Very few children enjoy doing their homework – in fact, the ones we know will try almost anything to get out of it – but when the papers continue to pile up, we do sometimes wonder if there’s a limit to how much they should be expected to complete.
Headteachers were given higher levels of discretion over homework levels in 2012, when Michael Gove scrapped the official guidelines for home study. Previously, an hour a week was recommended for 5-7 year olds, rising to 2.5 hours a night for older pupils aged between 14-16.
The weekly average amount of homework for primary children in the UK is now 4.9 hours – which may seem like nothing when you consider some students in Shang-Hai, who get 13.8 hours per week! But if the amount of homework given to your child significantly impacts their mood or your day-to-day family life, it may be that there is such a thing as too much.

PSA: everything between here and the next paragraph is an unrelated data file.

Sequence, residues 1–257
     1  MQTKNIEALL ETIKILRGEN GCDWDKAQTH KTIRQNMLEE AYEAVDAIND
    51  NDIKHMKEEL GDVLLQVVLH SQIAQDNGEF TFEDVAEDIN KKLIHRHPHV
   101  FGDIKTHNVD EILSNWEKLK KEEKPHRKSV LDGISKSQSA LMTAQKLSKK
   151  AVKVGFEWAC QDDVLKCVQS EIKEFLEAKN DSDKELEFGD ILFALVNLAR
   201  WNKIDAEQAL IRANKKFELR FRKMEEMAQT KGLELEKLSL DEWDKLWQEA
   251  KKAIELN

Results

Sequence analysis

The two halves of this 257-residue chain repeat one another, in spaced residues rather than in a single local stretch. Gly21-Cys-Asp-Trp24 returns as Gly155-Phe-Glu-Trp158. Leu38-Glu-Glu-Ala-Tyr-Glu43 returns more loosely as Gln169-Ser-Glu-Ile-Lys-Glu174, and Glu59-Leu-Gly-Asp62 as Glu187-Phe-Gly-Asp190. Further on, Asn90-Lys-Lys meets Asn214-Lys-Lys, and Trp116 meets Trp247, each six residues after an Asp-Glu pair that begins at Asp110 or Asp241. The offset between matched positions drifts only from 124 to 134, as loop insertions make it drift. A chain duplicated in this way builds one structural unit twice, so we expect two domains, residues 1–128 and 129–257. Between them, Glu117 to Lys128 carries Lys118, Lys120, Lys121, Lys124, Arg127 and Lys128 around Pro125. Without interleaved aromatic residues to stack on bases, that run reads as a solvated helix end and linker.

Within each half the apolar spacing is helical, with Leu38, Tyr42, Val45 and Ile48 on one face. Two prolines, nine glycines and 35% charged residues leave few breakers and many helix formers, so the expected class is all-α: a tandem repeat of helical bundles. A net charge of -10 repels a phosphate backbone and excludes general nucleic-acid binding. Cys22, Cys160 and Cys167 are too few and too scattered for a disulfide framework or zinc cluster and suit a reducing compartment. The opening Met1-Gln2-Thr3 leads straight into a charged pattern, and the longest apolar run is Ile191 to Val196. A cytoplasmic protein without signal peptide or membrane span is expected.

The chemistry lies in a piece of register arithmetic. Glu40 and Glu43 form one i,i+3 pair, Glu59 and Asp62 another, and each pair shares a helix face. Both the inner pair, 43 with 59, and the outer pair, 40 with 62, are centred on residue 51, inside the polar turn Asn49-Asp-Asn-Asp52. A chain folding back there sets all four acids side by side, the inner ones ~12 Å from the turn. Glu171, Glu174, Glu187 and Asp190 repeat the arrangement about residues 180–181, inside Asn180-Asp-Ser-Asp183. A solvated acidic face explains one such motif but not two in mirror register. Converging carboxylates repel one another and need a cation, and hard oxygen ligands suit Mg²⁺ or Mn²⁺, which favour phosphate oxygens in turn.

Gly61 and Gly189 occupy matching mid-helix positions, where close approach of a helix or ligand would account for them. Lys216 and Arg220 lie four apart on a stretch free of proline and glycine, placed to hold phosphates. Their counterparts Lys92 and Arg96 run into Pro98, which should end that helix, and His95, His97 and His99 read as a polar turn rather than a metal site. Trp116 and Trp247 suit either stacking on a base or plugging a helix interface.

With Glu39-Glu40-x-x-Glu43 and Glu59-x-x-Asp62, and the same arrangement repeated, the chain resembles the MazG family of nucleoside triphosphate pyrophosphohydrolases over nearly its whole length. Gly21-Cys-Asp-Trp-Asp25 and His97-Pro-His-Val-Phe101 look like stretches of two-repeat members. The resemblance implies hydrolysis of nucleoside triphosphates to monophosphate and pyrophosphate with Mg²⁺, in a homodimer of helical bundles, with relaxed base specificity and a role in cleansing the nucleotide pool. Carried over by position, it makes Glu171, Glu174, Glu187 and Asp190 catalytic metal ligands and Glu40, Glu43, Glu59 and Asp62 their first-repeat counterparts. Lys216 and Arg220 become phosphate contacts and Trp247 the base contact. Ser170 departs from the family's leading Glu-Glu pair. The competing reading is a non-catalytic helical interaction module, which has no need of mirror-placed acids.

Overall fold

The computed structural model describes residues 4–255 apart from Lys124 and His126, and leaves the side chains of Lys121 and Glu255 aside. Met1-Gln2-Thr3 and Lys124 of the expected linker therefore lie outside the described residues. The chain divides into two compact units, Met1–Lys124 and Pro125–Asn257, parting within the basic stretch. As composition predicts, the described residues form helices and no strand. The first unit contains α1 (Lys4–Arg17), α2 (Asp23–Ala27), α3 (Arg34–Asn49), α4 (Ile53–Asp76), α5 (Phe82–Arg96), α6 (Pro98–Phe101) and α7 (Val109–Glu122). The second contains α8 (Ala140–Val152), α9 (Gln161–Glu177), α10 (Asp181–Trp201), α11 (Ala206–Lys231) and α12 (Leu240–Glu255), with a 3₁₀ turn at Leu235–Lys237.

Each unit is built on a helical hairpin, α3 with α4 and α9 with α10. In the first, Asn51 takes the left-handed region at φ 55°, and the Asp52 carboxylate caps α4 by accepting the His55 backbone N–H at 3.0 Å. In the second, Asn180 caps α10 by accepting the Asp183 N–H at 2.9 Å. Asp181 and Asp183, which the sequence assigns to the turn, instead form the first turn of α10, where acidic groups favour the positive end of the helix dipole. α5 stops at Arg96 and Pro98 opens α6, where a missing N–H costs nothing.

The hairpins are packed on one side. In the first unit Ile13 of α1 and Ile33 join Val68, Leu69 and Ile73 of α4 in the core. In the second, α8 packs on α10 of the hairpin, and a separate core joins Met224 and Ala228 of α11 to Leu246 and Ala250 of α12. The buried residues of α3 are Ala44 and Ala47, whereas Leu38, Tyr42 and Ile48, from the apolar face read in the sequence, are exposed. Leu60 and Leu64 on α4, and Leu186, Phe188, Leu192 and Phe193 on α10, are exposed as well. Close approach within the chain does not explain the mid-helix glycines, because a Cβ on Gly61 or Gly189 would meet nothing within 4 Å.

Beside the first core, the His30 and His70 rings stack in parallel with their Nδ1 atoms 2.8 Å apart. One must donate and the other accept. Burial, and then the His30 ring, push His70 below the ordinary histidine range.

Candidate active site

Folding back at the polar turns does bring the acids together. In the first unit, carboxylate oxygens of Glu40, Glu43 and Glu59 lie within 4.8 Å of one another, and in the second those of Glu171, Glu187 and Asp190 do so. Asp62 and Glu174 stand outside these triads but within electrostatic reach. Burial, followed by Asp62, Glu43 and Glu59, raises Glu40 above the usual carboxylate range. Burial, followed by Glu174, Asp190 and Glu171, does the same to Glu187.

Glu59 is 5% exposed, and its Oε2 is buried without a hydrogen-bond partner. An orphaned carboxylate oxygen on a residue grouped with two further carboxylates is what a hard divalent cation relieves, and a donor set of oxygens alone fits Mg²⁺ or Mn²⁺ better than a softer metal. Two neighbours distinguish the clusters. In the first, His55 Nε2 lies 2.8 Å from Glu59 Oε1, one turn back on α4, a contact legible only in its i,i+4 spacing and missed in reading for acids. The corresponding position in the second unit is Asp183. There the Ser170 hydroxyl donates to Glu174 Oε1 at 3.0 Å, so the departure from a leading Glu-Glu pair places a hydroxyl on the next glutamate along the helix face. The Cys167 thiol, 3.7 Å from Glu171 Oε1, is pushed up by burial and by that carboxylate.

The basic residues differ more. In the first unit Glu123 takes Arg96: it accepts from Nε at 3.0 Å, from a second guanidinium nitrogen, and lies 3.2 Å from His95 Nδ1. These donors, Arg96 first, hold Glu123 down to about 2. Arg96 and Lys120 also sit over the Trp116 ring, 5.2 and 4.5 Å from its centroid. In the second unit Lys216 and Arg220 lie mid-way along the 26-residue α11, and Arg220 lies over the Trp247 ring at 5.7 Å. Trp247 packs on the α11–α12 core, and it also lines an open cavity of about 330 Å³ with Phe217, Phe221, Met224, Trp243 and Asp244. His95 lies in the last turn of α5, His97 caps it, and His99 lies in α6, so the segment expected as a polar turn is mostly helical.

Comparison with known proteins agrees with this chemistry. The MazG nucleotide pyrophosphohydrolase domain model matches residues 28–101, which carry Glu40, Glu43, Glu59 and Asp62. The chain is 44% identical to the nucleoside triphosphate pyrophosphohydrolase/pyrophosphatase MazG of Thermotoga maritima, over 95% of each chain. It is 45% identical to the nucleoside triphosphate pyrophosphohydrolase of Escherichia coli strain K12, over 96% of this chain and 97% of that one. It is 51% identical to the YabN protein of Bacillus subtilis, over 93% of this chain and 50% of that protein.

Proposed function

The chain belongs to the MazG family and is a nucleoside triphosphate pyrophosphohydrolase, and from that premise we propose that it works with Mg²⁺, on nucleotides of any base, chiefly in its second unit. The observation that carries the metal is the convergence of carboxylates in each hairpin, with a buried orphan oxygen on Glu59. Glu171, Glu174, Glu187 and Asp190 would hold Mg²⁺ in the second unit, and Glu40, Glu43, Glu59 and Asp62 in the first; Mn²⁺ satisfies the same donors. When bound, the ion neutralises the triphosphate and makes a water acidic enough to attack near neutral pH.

In January 2015, one education expert hit the headlines when he wrote that he found a lot of homework tasks to be totally pointless. ‘I have no problem with setting challenging homework,’ Tom Bennett, who teaches at a school in Essex, wrote in the Times Educational supplement, ‘but I do disagree with the pickpocketing of family life to serve the requirements of a school’s homework timetable. ‘This may seem harmless but we must never forget that time is one resource you don’t get back.’
Mr Bennett used examples of real-life homework tasks, including ‘design your own ideal bedroom’ and ‘imagine how Jesus felt on the cross and draw it’ to illustrate his point that not all homework tasks are relevant or necessary.
My child has too much homework – what should I do?
If you feel that your child is being given too much homework, keep a log of how much time they spent on their studies every night, and discuss your findings with other parents to see if their experiences corrolate. A recent study in Spain found that for teens, homework should take no more than 60 minutes to complete, and is actually less effective if the task takes more than 90 – so you could use this as your benchmark, taking into account that it should be less for younger children.
Take the information you have gathered to their teacher and explain – hopefully their response will be reasonable, but if not, it may time to take your complaint to senior staff.